A major function of rehab is to help you to identify the environmental triggers that can lead you to relapse: all those toxic people, places, events, and situations that can create stress and push you back into getting high or drinking.
There is an unwritten rule against dating during addiction recovery. Recovery programs commonly recommend abstaining from dating the first year. Recovery is all about healing and learning how to live without substance use, and that first year of sobriety can be a challenge. Navigating the dating scene or starting a new relationship while working through recovery is a recipe for disaster.
At the beginning of a new relationship, we are inundated with emotions — thrilling highs and lows. Learning to manage emotions is one of the greatest challenges of recovery since drugs and alcohol are typically used to numb emotions.
Choosing a Partner
The rush or highs of dating can be intoxicating, literally. Those fresh out of recovery may be susceptible to that intoxicating feeling which can lead to substituting one addiction for another. Infatuation can be mistaken for love. Thus, someone could fall victim to the pitfalls of dating because they have not fully resolved their emotional issues of seeking things outside themselves to fill a void within.
Developing an unhealthy attachment to someone can also derail recovery efforts. Within that first year of recovery, one is still emotionally unstable and unhealthy. If you are emotionally unhealthy, then you are likely to attach to other unhealthy people. People in recovery often look to others to rescue or fix them. It can be especially burdensome to put your emotional baggage on your partner, making forming a healthy relationship impossible.
Once you have successfully completed treatment and waited a year, you will have a better chance of picking the right partner. Recovery programs help people to develop coping skills and to seek comfort within themselves rather than with drugs or relationships.
When a loved one announces that they plan to start the New Year sober, it can be an enormous relief. However, cutting back on drinking is just the first step. Recovery is an ongoing process and the support you offer your loved ones is often invaluable during their New Year's resolution.
According to a survey conducted by Yahoo, New Year’s Eve and Christmas are the biggest drinking days of the year in the United States. For those in recovery, it can be a challenge to maintain sobriety throughout the busy Thanksgiving, Christmas and New Year’s period with so many parties and celebrations on the agenda. But that’s no reason to isolate yourself from friends and family or avoid the festivities altogether by staying home. There are many sober and safe ways to celebrate.
Because of the rush around the holiday season, we often forget that Thanksgiving is not just about turkey and all the fixings. It is meant to be a time when we gather with those we love and are thankful for all the blessings in our lives. And if you are in recovery from a substance use disorder, you have many, many things to be thankful for.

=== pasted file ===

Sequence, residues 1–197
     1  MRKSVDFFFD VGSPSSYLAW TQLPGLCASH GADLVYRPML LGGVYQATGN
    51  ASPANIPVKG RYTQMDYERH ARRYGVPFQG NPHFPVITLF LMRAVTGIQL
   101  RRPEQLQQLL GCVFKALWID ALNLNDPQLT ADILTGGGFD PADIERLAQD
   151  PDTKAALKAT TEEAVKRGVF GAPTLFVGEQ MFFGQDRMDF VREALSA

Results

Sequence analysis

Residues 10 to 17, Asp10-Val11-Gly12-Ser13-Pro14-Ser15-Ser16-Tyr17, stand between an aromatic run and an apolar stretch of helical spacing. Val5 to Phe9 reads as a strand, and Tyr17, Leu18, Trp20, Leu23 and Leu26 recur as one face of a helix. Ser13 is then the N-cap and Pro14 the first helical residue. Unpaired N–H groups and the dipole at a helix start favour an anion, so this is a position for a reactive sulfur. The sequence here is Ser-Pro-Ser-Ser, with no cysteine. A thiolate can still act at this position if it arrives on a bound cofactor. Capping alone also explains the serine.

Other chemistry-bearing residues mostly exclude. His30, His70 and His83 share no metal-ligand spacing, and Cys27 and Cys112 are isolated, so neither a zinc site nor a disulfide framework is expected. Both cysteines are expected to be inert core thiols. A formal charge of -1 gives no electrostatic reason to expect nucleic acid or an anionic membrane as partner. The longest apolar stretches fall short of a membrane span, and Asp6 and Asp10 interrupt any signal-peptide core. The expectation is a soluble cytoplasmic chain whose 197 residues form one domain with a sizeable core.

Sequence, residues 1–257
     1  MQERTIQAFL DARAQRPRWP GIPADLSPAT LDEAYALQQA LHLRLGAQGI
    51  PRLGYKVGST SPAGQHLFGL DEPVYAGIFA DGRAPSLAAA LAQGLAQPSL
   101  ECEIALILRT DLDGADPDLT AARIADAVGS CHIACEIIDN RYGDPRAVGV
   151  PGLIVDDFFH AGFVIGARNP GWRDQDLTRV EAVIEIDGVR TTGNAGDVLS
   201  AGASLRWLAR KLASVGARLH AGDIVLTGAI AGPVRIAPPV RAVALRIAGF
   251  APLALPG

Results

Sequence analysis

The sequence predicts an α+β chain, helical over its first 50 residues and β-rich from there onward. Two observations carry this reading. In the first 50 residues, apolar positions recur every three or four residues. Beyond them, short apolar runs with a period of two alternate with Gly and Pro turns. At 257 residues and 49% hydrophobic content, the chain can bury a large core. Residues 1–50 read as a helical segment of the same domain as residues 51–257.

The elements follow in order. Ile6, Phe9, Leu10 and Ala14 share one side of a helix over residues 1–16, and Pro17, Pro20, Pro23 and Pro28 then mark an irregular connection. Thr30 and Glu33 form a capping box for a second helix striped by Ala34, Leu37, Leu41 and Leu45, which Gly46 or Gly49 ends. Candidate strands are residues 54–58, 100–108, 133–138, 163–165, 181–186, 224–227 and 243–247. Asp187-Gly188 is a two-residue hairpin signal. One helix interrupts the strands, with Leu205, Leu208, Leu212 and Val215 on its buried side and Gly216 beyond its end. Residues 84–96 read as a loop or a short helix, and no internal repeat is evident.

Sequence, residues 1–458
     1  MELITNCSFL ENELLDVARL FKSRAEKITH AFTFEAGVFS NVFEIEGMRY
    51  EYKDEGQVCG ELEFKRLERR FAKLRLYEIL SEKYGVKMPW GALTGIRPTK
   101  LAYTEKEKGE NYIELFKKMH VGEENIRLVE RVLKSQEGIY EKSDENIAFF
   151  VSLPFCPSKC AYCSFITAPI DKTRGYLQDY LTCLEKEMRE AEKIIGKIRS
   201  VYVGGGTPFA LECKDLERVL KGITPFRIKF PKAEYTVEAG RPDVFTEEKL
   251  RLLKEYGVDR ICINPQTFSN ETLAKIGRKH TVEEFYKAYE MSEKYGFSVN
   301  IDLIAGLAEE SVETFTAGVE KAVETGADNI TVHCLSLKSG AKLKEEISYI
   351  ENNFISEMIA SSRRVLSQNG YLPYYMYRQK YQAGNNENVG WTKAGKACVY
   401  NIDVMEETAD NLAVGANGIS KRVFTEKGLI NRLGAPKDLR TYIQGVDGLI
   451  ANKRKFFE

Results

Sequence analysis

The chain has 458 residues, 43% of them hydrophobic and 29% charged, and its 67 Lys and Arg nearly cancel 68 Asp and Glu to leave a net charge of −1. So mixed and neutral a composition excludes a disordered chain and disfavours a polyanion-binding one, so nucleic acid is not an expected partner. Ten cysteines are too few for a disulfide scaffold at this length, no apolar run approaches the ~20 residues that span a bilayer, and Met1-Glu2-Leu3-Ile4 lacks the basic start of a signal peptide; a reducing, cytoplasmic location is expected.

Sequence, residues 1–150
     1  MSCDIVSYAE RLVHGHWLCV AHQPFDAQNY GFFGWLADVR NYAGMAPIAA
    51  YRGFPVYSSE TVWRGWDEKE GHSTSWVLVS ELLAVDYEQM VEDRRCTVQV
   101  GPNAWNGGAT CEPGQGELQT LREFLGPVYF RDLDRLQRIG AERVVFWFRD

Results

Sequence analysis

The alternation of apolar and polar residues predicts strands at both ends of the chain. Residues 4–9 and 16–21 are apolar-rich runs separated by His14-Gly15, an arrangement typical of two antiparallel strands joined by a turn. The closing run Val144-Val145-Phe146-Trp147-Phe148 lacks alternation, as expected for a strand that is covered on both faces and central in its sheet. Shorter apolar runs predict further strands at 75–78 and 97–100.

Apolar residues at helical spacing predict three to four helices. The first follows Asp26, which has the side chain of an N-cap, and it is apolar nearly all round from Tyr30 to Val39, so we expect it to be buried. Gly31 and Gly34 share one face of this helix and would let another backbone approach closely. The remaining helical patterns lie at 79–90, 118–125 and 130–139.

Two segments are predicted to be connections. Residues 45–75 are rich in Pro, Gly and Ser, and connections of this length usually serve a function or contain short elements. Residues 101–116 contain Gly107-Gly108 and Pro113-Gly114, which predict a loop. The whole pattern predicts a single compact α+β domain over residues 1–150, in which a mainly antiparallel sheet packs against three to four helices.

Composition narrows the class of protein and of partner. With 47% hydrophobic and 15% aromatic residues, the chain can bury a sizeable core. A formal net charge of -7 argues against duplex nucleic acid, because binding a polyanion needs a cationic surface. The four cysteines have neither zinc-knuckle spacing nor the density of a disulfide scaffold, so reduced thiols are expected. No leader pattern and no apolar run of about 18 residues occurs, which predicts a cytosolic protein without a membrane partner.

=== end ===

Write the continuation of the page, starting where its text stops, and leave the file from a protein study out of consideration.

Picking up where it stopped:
Recovery Month is just around the corner and we at Aquila Recovery would like to encourage you to get involved and celebrate your recovery milestones. You and/or your loved ones have worked hard to get to this point and that deserves to be celebrated.
The road to recovery is not always smooth and relapses are not desirable, but they are a natural part of the addiction recovery process. Despite this, it is important to remember that there are certain factors that can improve the success of your SMART Recovery Journey and likelihood of long-term sobriety.
Positive thinking is an incredibly powerful tool within your reach when it comes to sobriety. Seeking out inspiration can really make a difference to finding motivation as you’re walking your path to recovery.
The difference between who you are now and who you are working towards becoming is made much smaller, and even bridged, by finding people in your life who are positive role models and can provide you with inspiration on a daily basis. Positive people in your life can not only serve as inspiration but as mentors and a personal connection to what you want to achieve during your recovery. Here’s how to find those people and start positively impacting your recovery:
Slips and relapses happen. While on your road to recovery there will be many bumps along the road but it’s important to remember that they are not a failure or a sign that recovery is not working.
Sober Living Homes are group and community living as a part of treatment for substance use disorders. Research has found improved outcomes for those in addiction recovery when a sober living home is part of their treatment plan. These houses are safe havens established to help people in recovery stay sober throughout their stay, together with other people who understand their struggle. We’ve written about the what to expect of sober homes before, but to briefly recap sober homes generally provide:
- A substance free home
- Peer support with others at different stages of addiction recovery
- Structured environment providing opportunities to slowly implement recovery skills into activities of daily living
- 12 step meeting attendance with sponsorship as a condition of occupancy, which is consistent with the sober living philosophy of peer support for recovery is associated with better outcome for people struggling from a substance use disorder.
But what are the advantages of Sober Living Homes as part of your recovery journey?